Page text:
Questions for Daily Kos (or any online political community)

Why study the Daily Kos? Is it possible? Is it necessary? Quite simple. Consider it in evolutionary terms. There are some necessary long-term objectives of your community: grow. colonize. survive. (Paul Lukasiak suggested I rearrange this document so people can get right to the questions. For details about the questions, read the rest of the document.)

  1. Does dKos have room to grow?
  2. Among the “Big Five” most read bloggers by journalists (according to a study this past summer), there’s only one liberal site– Talking Points Memo. Is this a problem? dKos is further down the list. Should it crack the top five?
  3. Do the sheer number of contributors make dKos stronger?
  4. Why be part of dKos, and not be part of MyDD? From a handful of measures, dKos is 10x bigger; what if there were two equally strong collectives to crack the top 5?
  5. Do you consider yourself part of the blogosphere?
  6. Do you see any values or methods used on dKos which should be shared with the larger blogosphere?
  7. Would you see a benefit in extending Scoop to institutions which are considering setting up blogs?
  8. How much do you use the dKosopedia vs. the classic Daily Kos diaries?
  9. How about the citizenry and local party leaders/activists? Should they be engaged through dKos? or through scoop-like sites, or through anything in the netroots?
  10. Do you understand what Kos’s ethics are?
  11. Are you worried that, given Kos’s penchant for saying what’s on his mind, he may put the entire website in jeopardy? considering all that you have on the website.
  12. Do you think that Kos is deserving of the revenue for the site? Has anyone considered a revenue-sharing program? Or, at least a way to offer reward top contributors with prizes?

I’d post on my own in Kos, but I don’t have a diary yet, so Paul said he’d try to post this in his. I suppose it’s easiest if dKos members want to post their answers on there and not here. I hope that this is even more helpful for the dKos community than it is for me. I originally started out writing a piece on Kos as an instution/advocate/observer, particularly related to the DNC Chair race and netroots efforts– this had 7500 words by the end of Decemeber. I held onto it do a little more research, and to work on other things. I now realize I ought to continue the research after the DNC Chair race is decided. This discussion is incidental, but is very helpful in shedding light on the big picture.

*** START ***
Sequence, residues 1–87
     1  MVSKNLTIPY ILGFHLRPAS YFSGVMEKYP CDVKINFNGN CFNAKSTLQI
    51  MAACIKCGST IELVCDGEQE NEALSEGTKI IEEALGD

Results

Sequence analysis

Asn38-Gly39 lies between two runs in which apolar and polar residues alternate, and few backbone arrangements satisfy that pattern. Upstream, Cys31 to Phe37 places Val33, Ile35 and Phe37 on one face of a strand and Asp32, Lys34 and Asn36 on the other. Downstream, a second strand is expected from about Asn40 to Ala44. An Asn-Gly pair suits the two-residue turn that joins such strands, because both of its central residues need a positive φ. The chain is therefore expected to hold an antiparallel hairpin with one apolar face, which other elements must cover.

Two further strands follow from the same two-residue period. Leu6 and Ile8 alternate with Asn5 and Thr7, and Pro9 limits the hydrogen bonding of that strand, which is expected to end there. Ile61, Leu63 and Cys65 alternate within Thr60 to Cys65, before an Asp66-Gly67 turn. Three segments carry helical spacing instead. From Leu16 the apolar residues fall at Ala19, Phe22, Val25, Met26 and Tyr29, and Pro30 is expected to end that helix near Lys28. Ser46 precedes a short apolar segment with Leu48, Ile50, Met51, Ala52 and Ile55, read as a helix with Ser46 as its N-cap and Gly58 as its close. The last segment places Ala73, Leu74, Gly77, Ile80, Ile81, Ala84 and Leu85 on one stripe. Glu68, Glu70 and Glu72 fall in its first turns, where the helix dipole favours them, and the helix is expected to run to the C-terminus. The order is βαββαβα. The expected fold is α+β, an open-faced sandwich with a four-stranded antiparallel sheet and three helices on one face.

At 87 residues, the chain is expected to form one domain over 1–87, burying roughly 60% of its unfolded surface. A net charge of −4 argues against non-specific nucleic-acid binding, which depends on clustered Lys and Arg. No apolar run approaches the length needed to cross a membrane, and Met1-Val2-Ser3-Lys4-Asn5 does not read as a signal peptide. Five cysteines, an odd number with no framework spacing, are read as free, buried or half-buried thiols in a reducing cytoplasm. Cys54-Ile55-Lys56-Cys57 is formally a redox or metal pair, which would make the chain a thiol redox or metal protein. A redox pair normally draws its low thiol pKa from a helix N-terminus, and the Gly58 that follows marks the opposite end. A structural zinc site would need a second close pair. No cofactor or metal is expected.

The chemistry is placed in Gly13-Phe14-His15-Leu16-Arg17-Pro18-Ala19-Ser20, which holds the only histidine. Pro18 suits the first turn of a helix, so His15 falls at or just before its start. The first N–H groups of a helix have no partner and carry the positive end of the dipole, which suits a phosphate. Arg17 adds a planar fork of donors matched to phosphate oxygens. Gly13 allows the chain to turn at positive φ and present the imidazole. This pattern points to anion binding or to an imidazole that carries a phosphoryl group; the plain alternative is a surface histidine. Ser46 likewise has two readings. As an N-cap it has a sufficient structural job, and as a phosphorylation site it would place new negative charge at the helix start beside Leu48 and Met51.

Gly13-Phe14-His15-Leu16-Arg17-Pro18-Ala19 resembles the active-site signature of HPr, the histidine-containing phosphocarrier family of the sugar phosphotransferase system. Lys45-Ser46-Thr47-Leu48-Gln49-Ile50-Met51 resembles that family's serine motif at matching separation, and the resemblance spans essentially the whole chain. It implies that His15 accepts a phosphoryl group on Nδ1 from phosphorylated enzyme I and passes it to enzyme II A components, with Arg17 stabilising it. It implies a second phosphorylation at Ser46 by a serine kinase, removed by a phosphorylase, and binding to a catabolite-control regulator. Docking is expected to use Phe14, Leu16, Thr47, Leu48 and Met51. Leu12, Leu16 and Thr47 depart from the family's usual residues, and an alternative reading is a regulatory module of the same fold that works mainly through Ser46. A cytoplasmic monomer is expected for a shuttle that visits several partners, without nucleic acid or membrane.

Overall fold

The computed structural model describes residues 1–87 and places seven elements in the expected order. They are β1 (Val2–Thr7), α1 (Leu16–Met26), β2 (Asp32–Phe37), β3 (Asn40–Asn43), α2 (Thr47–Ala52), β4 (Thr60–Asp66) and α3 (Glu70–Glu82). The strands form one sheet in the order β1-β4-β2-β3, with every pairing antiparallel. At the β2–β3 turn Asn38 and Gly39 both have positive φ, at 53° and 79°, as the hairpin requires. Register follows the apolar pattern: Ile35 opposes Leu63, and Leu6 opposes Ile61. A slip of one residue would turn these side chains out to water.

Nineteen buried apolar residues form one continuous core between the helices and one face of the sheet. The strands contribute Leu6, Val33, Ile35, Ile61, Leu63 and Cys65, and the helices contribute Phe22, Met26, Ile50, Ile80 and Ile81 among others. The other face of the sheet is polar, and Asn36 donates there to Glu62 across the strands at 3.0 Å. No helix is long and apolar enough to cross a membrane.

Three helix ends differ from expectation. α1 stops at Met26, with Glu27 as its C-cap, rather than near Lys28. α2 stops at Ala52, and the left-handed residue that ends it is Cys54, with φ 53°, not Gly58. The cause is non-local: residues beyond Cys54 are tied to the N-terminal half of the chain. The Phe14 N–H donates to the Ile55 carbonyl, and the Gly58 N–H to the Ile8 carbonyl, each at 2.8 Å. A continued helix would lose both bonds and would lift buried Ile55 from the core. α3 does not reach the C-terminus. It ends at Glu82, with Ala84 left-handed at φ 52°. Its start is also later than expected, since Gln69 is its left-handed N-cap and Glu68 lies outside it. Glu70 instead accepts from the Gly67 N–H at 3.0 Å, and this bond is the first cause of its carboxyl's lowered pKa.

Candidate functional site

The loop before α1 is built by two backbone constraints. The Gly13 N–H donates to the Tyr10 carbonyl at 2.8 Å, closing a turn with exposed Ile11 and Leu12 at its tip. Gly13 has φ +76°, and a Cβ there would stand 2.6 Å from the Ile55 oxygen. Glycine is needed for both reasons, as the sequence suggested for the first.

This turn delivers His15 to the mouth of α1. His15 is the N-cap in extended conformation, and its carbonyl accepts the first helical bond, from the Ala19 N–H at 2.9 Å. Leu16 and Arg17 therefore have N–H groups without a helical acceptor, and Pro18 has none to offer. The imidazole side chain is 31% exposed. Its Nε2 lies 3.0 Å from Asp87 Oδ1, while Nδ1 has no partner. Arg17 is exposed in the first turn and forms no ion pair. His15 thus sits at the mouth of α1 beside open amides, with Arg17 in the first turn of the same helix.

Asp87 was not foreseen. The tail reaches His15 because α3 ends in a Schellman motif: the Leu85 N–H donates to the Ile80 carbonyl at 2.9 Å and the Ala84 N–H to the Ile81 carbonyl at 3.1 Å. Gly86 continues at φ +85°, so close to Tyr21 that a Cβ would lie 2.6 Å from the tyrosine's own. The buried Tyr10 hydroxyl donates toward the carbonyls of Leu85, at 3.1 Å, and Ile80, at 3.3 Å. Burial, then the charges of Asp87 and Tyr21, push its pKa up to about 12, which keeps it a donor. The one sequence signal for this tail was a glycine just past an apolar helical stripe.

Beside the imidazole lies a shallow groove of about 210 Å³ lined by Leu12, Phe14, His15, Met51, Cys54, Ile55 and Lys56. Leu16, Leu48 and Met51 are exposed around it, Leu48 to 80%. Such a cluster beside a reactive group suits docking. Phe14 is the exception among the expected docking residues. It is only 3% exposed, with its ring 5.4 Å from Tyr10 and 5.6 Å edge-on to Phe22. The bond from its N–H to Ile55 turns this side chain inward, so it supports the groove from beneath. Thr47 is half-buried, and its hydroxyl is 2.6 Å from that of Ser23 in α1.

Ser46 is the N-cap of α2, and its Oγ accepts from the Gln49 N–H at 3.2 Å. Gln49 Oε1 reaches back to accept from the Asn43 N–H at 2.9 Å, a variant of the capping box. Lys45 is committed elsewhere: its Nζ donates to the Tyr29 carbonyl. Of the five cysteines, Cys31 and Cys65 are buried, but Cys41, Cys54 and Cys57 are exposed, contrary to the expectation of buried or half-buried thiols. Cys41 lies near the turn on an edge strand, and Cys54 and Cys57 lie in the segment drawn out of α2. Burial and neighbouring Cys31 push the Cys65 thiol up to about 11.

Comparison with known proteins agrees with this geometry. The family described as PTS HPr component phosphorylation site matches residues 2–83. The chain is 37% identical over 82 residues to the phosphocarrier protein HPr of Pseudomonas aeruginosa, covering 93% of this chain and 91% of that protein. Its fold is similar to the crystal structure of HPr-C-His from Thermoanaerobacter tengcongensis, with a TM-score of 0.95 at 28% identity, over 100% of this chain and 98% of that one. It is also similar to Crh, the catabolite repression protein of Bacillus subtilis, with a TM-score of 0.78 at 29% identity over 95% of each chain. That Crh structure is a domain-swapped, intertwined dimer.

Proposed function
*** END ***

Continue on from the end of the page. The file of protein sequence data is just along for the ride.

Can it be studied?

I was introduced to the dKos community in a couple of diary posts– Zephyr apologist doing analysis of Kos for conference and Who Is Jon Garfunkel. I thought I’d extract some of the key challenges and address them here. Note first of all that the “analysis of Kos for conference” was a bit of a stretch. I had thought to submit some findings to the Berkman conference. That doesn’t mean it would actually be discussed.

RedDan wrote:
“But I am getting a distinct sense from the comments here on this thread that, Dammit! you’re going to research and analyze what you have already decided to research and analyze, regardless of whether or not your topic and focus are appropriate to the subject that you have chosen to investigate.”

Damned if I do, huh? Well, I am learning that there are two versions of the Daily Kos– there’s one version that’s visible to those who scan the front page or ; and there’s . Though this isn’t unique to Kos. The New York Times, Slate, the National Review, C-SPAN, etc., all have online forums, which relate to, but don’t fully interact with, the public output of the publication. So I wonder if dKos can be any different.

badger wrote:
“I don’t know your background, but if you’re viewing this from a media, media tech or applied politics perspective, you’re going to miss the boat.”

My background– I have read plenty on communities– Rheingold, Turkle, Rushkoff, Putnam. I’ve written about it, too– Abuzz, C-SPAN vs. Able2Know, Meetups Now what is precisely your issue with applied politics? Like phone banking, going canvassing, participating in town government, covering local voting, creative fundraising? If Kos is “working class/blue collar” and Josh Marshall is “insider/white collar,” where do you suggest that I fit on that scale?

Tropicana wrote:
“Perhaps I’m wrong, but I’m guessing that you are a highly rationalist individual who probably would benefit from some real community, not just crunching ‘impartial’ research about various species of blogs.”

I’m also the type of rationalist who questions every survey or poll I get. Yes, my real communities miss me– my tennis partners, my film fanatic friends, my synagogue. The latter group is waiting for me to report back on the future of communities.

bushsux wrote: